Bill Clinton's 20-hour visit to North Korea shed more light on the secretive regime than a slew of intelligence-gathering operations, the New York Times reports. Clinton, who formally briefed President Obama today, learned most importantly that Kim Jong-Il appears to be in better health than thought. He appeared "unexpectedly spry," notes the Times, welcoming Clinton with a long dinner filled with "chit-chat" and an offer to stay up later.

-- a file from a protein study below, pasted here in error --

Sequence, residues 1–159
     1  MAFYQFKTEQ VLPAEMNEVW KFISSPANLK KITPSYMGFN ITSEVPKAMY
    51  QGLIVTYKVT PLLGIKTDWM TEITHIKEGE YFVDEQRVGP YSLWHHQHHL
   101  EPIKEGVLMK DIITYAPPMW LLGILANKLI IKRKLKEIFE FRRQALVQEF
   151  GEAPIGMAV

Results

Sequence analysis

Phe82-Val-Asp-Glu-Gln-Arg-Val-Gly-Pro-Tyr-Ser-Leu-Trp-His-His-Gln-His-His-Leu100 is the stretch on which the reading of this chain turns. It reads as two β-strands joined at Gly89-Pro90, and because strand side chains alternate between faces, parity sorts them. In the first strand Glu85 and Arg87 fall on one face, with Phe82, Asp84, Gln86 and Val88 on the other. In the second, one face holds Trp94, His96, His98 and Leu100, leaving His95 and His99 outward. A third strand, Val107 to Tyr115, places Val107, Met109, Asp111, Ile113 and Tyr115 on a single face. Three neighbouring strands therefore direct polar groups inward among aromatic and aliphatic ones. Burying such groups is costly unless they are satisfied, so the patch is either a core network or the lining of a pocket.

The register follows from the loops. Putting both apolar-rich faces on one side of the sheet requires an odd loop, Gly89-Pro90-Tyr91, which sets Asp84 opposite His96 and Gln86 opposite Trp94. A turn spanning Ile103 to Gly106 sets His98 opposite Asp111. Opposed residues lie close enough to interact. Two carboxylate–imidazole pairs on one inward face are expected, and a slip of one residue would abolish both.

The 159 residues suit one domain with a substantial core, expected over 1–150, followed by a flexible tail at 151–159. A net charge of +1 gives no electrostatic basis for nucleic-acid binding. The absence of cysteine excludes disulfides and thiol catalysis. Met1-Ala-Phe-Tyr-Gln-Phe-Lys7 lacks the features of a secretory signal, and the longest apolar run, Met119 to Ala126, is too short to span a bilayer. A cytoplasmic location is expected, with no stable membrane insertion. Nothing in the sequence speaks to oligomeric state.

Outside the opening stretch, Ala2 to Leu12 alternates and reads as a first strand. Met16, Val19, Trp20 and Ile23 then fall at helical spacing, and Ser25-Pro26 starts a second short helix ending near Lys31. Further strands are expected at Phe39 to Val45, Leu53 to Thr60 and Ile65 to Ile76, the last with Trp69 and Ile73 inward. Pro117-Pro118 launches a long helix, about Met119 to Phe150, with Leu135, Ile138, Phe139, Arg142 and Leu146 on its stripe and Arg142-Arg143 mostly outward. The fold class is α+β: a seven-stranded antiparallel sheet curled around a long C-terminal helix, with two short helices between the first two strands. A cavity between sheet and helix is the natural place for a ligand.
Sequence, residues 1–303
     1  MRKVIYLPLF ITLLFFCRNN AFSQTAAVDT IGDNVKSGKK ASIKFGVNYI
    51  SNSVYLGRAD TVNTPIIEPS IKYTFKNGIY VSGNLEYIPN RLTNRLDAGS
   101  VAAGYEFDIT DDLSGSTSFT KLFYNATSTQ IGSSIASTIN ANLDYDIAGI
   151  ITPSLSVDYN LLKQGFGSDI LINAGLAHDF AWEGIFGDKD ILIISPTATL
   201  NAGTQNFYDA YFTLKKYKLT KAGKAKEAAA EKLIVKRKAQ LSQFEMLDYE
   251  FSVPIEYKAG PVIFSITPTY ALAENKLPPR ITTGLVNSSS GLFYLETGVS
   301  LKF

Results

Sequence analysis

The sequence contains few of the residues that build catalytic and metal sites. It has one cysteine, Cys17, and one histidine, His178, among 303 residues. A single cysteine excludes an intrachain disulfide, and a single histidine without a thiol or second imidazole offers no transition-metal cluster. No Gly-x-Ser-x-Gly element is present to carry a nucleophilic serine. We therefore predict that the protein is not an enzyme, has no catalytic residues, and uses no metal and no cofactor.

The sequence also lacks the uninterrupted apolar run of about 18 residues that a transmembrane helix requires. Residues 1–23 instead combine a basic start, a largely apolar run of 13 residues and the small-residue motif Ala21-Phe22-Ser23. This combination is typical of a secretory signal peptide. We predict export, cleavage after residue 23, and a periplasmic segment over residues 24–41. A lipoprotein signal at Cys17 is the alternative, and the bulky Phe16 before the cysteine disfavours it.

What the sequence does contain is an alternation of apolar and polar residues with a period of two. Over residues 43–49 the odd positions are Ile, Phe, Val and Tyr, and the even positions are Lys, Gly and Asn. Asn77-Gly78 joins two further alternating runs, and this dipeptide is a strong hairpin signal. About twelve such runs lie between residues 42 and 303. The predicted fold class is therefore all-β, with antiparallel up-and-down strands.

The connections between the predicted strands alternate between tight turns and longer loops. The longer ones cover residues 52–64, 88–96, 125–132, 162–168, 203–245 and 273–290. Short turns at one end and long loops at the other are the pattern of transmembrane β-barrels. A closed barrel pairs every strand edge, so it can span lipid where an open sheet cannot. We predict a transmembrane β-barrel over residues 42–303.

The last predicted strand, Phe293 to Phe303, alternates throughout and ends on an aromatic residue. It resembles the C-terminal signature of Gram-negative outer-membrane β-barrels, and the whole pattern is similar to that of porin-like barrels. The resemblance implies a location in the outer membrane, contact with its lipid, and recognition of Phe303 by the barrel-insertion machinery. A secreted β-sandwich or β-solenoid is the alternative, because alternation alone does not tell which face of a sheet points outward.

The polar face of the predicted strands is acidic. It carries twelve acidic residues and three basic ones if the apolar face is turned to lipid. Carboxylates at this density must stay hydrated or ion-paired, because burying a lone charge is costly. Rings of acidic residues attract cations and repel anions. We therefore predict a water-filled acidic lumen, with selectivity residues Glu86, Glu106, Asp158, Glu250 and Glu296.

Two aides long thought to have been pushed out accompanied Kim during his meetings with Clinton, which could ease rumors of internal tensions. The meetings focused mostly on the detained American journalists and did not delve into substantive talks on nuclear weapons. But the inside view itself was striking. "The Clinton trip has got a lot of people rethinking and reassessing," said a North Korea adviser to the Bush administration.